CHASKA, Minn. – It would be easy to confuse Sunday’s celebration for a coronation, an exhale moment after two years of vague promises and lofty expectations.
If the U.S. team wanted to gloat they’d come by it honestly, they’d just rolled over the Europeans, 17-11, for America’s first victory in the biennial event since 2008.
The changes had worked. The curse was over.
But those involved with the Ryder Cup task force-turned-committee never, not once, mentioned winning the 2016 matches and ending the drought. Those involved talked of continuity and legacies, not quick fixes and Band-Aids.
From the captain all the way down to the cart drivers – that would be Bubba Watson – this was about preparing for the future. If anything, Hazetline National was a test case, not the final exam.
“We had a long-term plan and a goal for the next five to 10 Ryder Cups. I’ve said all along, personally, if we won this week that’s great, but let’s not raise the flag and say, ‘This is the greatest thing ever,’” said Jim Furyk, one of Davis Love III’s vice captains. “And if we lose let’s not say, ‘Oh s***, this doesn’t work.’ It’s a long-term plan.”
As devastating as a loss would have been to the cause of building a winning foundation, a victory could be just as debilitating if it leads to a loss of focus.
That is, after all, what many believe happened following the 2008 Ryder Cup. It’s what prompted Phil Mickelson to challenge the U.S. leadership two years ago in Scotland following the team’s third consecutive loss, which in turn led to last year’s task force.
“The pressure started when some dumbass opened his mouth two years ago in the media center,” Mickelson said on Sunday at Hazeltine with just a dollop of self-deprecation.
Mickelson was on the task force and by many accounts a de facto vice captain last week. For all those who have criticized Lefty over the years for his relatively pedestrian Ryder Cup record, know that this process has taken a toll on the veteran. And when he spoke on Sunday it wasn’t in terms of wins and losses as much as it was a testament to the legacy that he and the other American leaders hope to create.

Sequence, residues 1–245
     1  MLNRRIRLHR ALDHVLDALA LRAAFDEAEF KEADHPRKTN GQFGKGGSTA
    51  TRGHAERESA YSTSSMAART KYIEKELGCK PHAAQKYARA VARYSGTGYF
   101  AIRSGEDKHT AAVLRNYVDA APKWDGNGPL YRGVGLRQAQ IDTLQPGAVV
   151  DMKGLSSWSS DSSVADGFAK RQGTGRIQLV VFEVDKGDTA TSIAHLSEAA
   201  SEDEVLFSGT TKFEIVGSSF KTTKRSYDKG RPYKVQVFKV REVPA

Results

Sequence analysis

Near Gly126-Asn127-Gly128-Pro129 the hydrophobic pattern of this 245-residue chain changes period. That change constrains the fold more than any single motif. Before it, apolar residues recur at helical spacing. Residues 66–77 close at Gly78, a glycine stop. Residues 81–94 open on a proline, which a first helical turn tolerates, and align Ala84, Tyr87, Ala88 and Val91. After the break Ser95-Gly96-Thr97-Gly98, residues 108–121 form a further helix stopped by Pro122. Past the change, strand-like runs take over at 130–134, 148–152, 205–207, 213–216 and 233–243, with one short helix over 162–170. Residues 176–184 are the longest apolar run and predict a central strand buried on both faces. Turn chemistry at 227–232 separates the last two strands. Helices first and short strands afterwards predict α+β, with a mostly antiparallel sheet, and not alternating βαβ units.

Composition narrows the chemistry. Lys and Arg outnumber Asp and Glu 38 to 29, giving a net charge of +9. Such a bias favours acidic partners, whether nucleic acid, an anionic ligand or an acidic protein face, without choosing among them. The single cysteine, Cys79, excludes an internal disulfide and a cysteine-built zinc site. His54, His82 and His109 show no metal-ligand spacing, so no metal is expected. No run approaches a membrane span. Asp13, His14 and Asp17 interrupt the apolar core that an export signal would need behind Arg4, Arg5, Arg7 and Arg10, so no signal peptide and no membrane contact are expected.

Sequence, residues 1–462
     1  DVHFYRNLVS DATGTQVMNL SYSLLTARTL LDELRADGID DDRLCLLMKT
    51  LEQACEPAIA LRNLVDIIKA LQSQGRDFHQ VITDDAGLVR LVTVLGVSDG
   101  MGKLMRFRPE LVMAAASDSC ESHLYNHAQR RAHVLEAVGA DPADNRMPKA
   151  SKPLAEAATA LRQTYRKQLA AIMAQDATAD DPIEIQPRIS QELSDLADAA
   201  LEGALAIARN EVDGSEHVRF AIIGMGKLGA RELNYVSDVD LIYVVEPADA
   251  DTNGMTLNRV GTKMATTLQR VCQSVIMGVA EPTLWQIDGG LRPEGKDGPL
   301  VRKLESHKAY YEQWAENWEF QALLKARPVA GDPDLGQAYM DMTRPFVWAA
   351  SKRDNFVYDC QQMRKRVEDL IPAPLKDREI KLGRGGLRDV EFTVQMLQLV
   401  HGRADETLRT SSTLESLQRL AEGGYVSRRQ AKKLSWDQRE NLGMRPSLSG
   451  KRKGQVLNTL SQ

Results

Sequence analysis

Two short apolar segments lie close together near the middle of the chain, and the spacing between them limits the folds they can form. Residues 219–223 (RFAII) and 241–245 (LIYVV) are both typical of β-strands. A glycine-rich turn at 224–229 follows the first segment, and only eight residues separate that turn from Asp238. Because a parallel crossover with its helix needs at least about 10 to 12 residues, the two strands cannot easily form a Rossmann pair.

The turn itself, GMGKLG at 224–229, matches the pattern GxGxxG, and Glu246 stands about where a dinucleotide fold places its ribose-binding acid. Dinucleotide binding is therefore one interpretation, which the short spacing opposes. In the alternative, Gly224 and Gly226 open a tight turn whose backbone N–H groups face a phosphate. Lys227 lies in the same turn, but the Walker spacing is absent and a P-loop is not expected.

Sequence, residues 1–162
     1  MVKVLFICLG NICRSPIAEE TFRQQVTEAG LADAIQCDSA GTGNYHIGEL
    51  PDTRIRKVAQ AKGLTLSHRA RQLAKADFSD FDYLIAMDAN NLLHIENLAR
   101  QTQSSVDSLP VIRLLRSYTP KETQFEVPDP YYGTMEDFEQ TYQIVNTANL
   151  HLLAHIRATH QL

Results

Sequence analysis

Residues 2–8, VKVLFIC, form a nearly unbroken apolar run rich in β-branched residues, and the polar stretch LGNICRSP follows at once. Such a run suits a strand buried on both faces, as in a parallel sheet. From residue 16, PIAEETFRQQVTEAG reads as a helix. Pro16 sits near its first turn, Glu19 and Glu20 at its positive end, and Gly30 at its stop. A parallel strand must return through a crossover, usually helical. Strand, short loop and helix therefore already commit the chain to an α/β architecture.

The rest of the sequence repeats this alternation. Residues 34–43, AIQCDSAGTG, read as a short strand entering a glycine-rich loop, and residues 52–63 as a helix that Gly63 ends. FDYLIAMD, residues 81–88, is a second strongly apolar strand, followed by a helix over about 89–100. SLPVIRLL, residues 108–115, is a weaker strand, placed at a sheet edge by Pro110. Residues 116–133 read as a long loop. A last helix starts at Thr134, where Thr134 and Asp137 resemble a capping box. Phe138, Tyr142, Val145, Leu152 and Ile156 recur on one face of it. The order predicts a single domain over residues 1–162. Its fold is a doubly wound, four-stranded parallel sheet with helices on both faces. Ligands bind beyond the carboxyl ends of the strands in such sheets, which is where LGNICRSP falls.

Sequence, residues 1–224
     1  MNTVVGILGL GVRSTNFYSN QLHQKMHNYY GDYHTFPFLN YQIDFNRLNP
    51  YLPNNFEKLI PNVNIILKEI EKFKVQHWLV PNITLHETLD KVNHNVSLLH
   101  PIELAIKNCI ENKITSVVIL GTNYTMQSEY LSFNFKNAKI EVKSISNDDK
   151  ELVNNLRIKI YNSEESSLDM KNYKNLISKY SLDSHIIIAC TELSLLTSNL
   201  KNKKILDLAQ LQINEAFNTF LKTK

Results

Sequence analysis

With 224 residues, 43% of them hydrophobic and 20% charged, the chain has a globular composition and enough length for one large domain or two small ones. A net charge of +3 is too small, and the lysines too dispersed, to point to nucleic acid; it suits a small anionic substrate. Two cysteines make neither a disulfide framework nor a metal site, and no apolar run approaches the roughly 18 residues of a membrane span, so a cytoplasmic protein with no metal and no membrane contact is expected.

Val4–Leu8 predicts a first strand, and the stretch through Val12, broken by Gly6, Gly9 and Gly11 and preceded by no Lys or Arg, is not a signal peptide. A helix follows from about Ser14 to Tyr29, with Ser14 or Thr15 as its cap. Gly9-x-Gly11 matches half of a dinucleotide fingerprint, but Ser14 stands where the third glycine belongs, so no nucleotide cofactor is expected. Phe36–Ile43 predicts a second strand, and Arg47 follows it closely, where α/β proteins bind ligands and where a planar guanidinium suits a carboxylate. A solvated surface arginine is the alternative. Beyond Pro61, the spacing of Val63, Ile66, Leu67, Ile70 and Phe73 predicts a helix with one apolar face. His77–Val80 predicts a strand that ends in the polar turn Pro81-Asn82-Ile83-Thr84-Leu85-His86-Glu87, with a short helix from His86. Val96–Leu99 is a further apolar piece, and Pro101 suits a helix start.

“We need to build on this. Otherwise, it's all for naught,” Mickelson said. “We created a very solid foundation this year. With the input that Davis Love had and each vice captain, with Tom Lehman and Jim Furyk and Steve Stricker and Tiger Woods and Bubba Watson, all brought integral parts to the success of this foundation, and it's important that we build on that.”
That foundation started with Love, who has been billed as the captain’s captain. From the first task force meetings, the challenge was to appoint a front man with the ability to incorporate vastly different ideas into their own leadership model.
Someone willing to share the room with other voices and keep their ego tucked away. If, as the story goes, the Europeans have perfected the art of continuity in their captains, the U.S. team’s first leader in this new era had to be a pragmatist and consensus builder.
“We tried to identify the qualities of the next person who would become a Ryder Cup captain,” Furyk said. “Davis Love fit all those qualities perfectly. He was the right guy. He had experience, he had the media’s respect, he had the player’s respect. We couldn’t identify a better person.”
Love’s leadership-by-committee style turned out to be a perfect fit for this U.S. team. He engaged his side’s best players, challenged them for ideas and, this is most telling, he listened.
Late in Saturday’s foursomes session, Love was struggling to find the right lineup for the afternoon four-ball matches. Everybody had an idea, even his son, Dru, but ultimately it was Woods who convinced the captain to send Patrick Reed and Jordan Spieth back out.
“I finally just said to Tiger, ‘Are we playing them or are we sitting them?’” Love recalled. “He said, ‘No, you have to send them back out there, they are playing so well.’”
It wasn’t so much leadership by example as much as it was leadership by design. If the 2016 Ryder Cup is a template for future matches, Love is the prototype of future U.S. captains.
The legacy concept holds that each team will have a mix of former and potential future captains that connects each group in a way that hadn’t happened in the past.
For this year’s squad, that specifically applies to Furyk and Stricker in the immediate future and Woods a little further down the road.
“A vice captain under [Tom] Watson, a vice captain under Jay Haas last year [Presidents Cup] and a vice captain under Davis here, I’ve really learned a lot in three years,” Stricker said. “If I get the opportunity to be a captain, I’ll have a lot of knowledge behind me.”
Furyk, who would be a popular choice to lead the U.S. team in 2018 in France, has taken a particularly long view when it comes to the U.S. team changes and paused when asked how his experience at Hazeltine might impact a potential future captaincy.
“It really helped to be an assistant for Davis, who has done it twice, the best leader,” Furyk said. “Any time you can do this, you’re learning. You’re going to make some mistakes, you’re going to do some things right. We did a lot of good things this week. We made some mistakes, and we’ll learn from this week and keep building on the system.”
Moments later Furyk rushed into the night toward the team room to join the victory party. Sunday night he and the other members of the U.S. leadership would celebrate, but on Monday the work would continue.